Inside This Issue - News
Family Dollar draws another suitor: Dollar General
August 25th, 2014
NEW YORK – Dollar General Corp. has entered the bidding for Family Dollar Stores Inc., making an $8.95 billion offer for the discount store chain that exceeded Dollar Tree Stores Inc.'s $8.5 billion bid.
“For Family Dollar shareholders, our proposal is financially superior to the current transaction agreement with Dollar Tree and would provide Family Dollar shareholders with a substantial premium and immediate liquidity for their shares,” said Dollar General chairman and chief executive officer Rick Dreiling in announcing the bid on August 18.
The offer to buy Family Dollar was made in a letter to its chairman, Howard Levine, and board of directors.
Dollar General said a merger with Family Dollar would generate up to $600 million in savings and profit synergies within the first three years. Dollar General also said that it already has financing in place and its offer does not hinge on obtaining additional financing commitments.
However, on August 21, Family Dollar rejected the acquisition bid from Dollar General, saying that antitrust issues would likely prevent the deal from taking place in its current form. Family Dollar reported that its board voted to back the previously announced merger agreement with Dollar Tree, announced in late July.
"Our board reviewed, with our advisors, all aspects of Dollar General's proposal and unanimously concluded that it is not reasonably likely to be completed on the terms proposed," Levine said in a statement. "Accordingly, our board rejects Dollar General's proposal and reaffirms its support for the pending merger with Dollar Tree."
But just hours later on August 21, Dollar General stuck by its proposal and said its bid would clear antitrust hurdles and provides Family Dollar shareholders a better valuation than Dollar Tree's offer.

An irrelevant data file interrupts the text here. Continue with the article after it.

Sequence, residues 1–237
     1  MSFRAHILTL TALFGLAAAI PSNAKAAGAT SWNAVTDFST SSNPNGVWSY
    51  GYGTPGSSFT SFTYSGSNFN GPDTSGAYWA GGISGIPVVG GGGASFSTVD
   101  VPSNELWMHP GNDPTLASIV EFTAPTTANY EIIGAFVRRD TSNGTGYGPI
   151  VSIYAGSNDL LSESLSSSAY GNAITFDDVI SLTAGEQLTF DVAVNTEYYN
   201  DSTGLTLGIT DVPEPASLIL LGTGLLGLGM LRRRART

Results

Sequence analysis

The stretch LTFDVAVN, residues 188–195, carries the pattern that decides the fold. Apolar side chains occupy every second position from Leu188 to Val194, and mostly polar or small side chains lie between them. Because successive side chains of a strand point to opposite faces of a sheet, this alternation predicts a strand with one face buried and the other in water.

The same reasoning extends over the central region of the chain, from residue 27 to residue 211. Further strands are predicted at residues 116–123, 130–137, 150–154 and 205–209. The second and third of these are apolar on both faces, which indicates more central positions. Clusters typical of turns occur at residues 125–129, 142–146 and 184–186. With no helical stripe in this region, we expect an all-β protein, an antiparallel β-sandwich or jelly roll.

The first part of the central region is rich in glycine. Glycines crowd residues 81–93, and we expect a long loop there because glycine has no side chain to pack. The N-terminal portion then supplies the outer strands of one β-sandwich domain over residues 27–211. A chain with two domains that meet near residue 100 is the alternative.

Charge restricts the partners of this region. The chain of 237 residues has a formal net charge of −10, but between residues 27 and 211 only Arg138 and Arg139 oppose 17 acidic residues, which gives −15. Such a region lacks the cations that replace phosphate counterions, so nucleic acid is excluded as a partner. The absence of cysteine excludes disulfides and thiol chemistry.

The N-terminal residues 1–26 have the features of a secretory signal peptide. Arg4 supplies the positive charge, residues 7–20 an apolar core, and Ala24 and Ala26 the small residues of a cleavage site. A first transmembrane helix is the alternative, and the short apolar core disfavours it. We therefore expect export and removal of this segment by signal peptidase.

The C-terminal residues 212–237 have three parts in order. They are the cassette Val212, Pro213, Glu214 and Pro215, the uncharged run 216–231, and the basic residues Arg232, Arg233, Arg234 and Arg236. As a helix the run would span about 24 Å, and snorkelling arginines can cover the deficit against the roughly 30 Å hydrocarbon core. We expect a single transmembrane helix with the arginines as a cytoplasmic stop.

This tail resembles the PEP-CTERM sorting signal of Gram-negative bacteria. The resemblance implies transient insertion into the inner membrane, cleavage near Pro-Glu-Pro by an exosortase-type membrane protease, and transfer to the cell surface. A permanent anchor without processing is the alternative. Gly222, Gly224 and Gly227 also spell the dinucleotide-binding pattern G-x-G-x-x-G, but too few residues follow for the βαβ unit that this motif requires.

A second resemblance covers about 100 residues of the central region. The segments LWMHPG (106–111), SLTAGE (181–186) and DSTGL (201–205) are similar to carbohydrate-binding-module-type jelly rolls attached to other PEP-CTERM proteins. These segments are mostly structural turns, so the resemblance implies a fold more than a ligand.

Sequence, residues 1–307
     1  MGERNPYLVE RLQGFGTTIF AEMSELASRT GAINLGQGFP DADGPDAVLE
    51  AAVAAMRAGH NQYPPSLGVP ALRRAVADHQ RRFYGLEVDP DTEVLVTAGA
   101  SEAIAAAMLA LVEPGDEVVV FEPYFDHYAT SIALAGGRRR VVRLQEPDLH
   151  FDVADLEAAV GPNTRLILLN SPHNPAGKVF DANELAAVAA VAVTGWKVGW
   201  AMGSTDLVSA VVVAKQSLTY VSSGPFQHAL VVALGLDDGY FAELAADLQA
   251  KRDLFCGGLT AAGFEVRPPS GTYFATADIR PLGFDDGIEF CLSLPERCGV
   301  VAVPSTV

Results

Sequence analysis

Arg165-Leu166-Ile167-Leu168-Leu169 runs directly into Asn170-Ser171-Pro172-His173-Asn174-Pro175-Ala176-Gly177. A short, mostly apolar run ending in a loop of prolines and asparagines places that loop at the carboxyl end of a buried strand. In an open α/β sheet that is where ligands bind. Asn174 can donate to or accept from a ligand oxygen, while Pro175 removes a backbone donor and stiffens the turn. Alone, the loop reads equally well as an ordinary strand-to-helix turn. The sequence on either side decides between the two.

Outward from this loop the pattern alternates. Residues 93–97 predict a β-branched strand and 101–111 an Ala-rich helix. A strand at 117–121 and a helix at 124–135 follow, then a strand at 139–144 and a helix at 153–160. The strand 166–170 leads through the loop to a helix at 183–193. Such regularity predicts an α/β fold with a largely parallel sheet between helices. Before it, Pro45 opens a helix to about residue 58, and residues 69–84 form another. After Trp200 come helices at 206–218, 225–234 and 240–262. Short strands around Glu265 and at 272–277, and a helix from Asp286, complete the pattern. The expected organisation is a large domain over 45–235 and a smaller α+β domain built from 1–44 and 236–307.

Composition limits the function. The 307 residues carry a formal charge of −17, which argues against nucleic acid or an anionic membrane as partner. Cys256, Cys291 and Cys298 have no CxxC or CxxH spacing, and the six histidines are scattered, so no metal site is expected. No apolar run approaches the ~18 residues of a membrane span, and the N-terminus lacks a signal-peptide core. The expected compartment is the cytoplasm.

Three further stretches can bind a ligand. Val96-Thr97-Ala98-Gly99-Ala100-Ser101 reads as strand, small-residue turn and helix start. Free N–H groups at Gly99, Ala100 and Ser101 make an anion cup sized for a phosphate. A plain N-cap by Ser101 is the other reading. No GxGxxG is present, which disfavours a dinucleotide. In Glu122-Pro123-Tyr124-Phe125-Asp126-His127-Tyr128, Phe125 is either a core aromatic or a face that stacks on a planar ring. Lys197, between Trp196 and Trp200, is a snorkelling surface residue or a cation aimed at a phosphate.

"We are disappointed that the Family Dollar board of directors has concluded that our proposal is not reasonably expected to lead to a superior proposal without informing itself of all relevant information," Dreiling said in a statement. "We have done extensive antitrust analysis using experienced advisers, the results of which confirm that the transaction as proposed is capable of being completed. We remain willing to share this analysis with Family Dollar and its counsel and are confident that we will be able to quickly and efficiently resolve any potential antitrust issues."
He added, "We are carefully reviewing and considering our options. Our existing all-cash proposal coupled with manageable antitrust issues continues to make our proposal superior to the current transaction agreement with Dollar Tree."
In a conference call with analysts when Dollar General announced its bid, Dreiling said Family Dollar had in the past rebuffed its advances, none of which had been reported.
Dreiling earlier this year said that he would be stepping down at the end of May 2015, which prompted speculation that Dollar General would not pursue the stumbling Family Dollar after billionaire investor Carl Icahn took a 9.4% stake in Family Dollar and began demanding that the company put itself up for sale. Dreiling now says he would remain on the job of running the combined company though May 2016 and continue as chairman beyond that time.
Dollar General operates over 11,000 stores in about 40 states. Its stores typically measure 7,200 square feet and are often in rural areas not served by national retailers. Dreiling said a marriage with Family Dollar, which operates in more urban neighborhoods, would present an opportunity to learn about doing business in metro areas.
A merger with Family Dollar would create a company with more than 19,000 stores and combined sales of $28 billion. A combination of Dollar Tree and Family Dollar would create a company with 13,000 stores and annual sales of about $18 billion.
At presstime, Dollar Tree hadn't indicated whether it would raise its bid in response to Dollar General’s offer.